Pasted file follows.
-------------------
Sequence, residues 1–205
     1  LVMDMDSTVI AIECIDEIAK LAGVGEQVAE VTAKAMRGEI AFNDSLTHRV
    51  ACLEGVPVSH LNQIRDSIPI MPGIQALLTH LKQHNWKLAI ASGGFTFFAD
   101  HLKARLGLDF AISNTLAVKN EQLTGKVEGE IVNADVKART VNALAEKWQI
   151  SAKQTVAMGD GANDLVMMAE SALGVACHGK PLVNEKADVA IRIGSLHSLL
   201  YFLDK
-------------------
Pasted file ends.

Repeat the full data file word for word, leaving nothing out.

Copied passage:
Sequence, residues 1–205
     1  LVMDMDSTVI AIECIDEIAK LAGVGEQVAE VTAKAMRGEI AFNDSLTHRV
    51  ACLEGVPVSH LNQIRDSIPI MPGIQALLTH LKQHNWKLAI ASGGFTFFAD
   101  HLKARLGLDF AISNTLAVKN EQLTGKVEGE IVNADVKART VNALAEKWQI
   151  SAKQTVAMGD GANDLVMMAE SALGVACHGK PLVNEKADVA IRIGSLHSLL
   201  YFLDK